Wednesday, June 11, 2014

Maybe I Can Make it Into an Ottoman

When I dropped off the furniture at A Wider Circle last week, I brought home a few additional items to work on over the summer. I was so excited about the possible transformation of one piece that I started and finished it this past weekend.

It started as a pretty ho-hum coffee table.




I'm pretty sure someone made it. The top is made out of plywood that someone attempted to stain. The legs are permanently attached (there was no way to remove them without breaking them or the table) so I needed to make them work. The plywood was chipping on the top and was beyond painting or refinishing. When I saw it in the AWC warehouse I remarked, "Maybe I can make it into an ottoman."  Well, that's exactly what I did.

Here's the after:


After cleaning it, I turned it upside down to prime and paint the legs. I used the leftover grey from this project for the legs.

Once the legs were dry, I marked the top of the table to drill holes to tuft the ottoman. After drilling the holes I started the upholstering process. I turned my fabric (a large scrap of fabric from Ikea) upside down and draped it over the ottoman (wrong side facing out). I made sure there was enough fabric hanging over all four sides for the table to staple it to the underside of the table. I used pins to pull the fabric to define the corners then cut away the excess fabric. The result looked like a pinned fitted tablecloth. I sewed a straight stitch along the pinned areas (leaving about a centimeter on the outside of the pins - the fabric had to fit over foam and a layer of batting).

After sewing, I turned my sewn creation right-side out and set it side aside. Before attaching the fabric to the ottoman I added a soft layer of foam and batting. I cut a piece of 1.5" foam to fit the top of the ottoman I draped a large piece of medium weight batting over the foam and table base. I pulled the batting tight and stapled it to the ottoman. I trimmed the excess batting at the corned and stapled loose batting along the corner edges.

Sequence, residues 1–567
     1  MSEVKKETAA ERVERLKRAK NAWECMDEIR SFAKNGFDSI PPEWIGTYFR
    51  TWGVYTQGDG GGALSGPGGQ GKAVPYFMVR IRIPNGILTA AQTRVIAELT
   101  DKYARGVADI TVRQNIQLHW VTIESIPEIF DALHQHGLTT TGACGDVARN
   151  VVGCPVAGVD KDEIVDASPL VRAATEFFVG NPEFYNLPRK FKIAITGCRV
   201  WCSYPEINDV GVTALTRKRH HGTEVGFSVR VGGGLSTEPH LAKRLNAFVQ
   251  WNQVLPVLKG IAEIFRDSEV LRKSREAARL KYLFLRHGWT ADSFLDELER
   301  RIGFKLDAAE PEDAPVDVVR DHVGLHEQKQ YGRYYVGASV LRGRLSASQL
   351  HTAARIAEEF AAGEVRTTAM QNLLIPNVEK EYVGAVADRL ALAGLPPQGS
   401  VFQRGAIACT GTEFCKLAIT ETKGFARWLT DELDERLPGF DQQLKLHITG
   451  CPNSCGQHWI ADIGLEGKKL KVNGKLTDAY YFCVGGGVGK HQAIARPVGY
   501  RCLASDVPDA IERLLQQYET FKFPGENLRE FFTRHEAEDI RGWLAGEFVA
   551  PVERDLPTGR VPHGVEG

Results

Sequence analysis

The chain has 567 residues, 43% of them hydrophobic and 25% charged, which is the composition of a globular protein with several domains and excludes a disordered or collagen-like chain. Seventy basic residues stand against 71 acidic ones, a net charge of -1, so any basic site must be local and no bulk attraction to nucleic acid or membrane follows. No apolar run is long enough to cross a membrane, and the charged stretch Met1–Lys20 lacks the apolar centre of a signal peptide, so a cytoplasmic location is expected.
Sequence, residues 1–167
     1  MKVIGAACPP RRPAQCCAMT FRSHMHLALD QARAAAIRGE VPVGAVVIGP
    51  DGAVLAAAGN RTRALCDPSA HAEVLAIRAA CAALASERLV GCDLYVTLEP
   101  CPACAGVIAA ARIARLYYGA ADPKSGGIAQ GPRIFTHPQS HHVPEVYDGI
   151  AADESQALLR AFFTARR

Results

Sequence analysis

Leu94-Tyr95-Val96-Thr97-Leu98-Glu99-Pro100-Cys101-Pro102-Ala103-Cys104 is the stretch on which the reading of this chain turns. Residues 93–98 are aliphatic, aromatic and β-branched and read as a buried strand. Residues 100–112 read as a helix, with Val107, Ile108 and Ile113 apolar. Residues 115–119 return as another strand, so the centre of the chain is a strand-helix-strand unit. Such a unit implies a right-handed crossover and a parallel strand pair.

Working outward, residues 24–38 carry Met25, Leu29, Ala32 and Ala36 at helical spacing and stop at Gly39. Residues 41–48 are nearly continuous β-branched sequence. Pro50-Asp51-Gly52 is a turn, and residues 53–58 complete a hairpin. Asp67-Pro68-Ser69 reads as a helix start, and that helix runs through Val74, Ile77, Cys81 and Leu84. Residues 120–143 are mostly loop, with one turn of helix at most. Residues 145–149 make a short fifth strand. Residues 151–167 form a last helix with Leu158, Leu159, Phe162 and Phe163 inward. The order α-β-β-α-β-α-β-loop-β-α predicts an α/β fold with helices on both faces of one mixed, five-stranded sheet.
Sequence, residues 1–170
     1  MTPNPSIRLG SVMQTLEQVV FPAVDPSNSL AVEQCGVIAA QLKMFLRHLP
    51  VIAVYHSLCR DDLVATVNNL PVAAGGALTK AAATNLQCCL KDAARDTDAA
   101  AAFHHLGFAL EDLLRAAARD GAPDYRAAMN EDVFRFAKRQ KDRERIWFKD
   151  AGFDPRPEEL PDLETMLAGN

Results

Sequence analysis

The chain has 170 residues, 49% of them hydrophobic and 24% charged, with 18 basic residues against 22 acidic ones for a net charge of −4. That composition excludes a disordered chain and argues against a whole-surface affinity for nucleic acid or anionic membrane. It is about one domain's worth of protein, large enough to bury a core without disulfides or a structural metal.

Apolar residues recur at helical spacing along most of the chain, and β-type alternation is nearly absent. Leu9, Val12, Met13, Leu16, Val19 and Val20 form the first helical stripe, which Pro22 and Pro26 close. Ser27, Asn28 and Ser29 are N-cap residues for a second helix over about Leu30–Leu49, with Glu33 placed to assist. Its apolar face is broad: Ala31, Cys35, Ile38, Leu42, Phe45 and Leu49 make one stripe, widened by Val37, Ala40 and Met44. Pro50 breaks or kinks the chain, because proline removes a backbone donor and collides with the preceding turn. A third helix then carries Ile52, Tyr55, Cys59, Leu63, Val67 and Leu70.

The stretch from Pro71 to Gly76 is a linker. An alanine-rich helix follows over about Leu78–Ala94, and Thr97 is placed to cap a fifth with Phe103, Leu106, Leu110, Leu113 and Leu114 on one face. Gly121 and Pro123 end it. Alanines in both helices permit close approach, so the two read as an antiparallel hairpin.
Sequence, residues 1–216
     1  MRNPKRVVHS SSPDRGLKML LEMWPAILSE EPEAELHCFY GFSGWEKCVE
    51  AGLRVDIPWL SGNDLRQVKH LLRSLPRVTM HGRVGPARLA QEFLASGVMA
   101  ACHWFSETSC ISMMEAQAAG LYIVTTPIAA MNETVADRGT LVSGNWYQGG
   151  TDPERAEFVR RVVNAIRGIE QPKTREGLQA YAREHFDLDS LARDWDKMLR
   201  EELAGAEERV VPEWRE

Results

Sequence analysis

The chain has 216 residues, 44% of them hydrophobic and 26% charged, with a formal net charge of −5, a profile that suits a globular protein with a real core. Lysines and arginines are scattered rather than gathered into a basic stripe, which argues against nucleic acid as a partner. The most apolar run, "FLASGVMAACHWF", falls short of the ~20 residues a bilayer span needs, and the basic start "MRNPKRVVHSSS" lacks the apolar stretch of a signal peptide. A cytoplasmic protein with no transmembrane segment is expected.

Next, I took my "fitted tablecloth" and put it over the foam and batting. I flipped the ottoman upside down and stapled the fabric edges to the underside of the ottoman. I started in the middle of each side and slowly worked my way out and around the ottoman - like this.



Next I tufted the ottoman. I used a button making kit to cover my own buttons. I sewed the buttons onto the ottoman using an extra large needle and polyester cord. I threaded my needle through the hole I drilled into the bottom of the ottoman; pushed it through the layers of foam, batting, and fabric; through my button hole and back through again to come out the same drilled hole. I pulled it tight and knotted it around a small washer - which I used to keep the knot in place.


The tufting isn't very dramatic, but I think makes the bench look more finished. I really love the way the ottoman turned out and I want to make something similar for my own home. 









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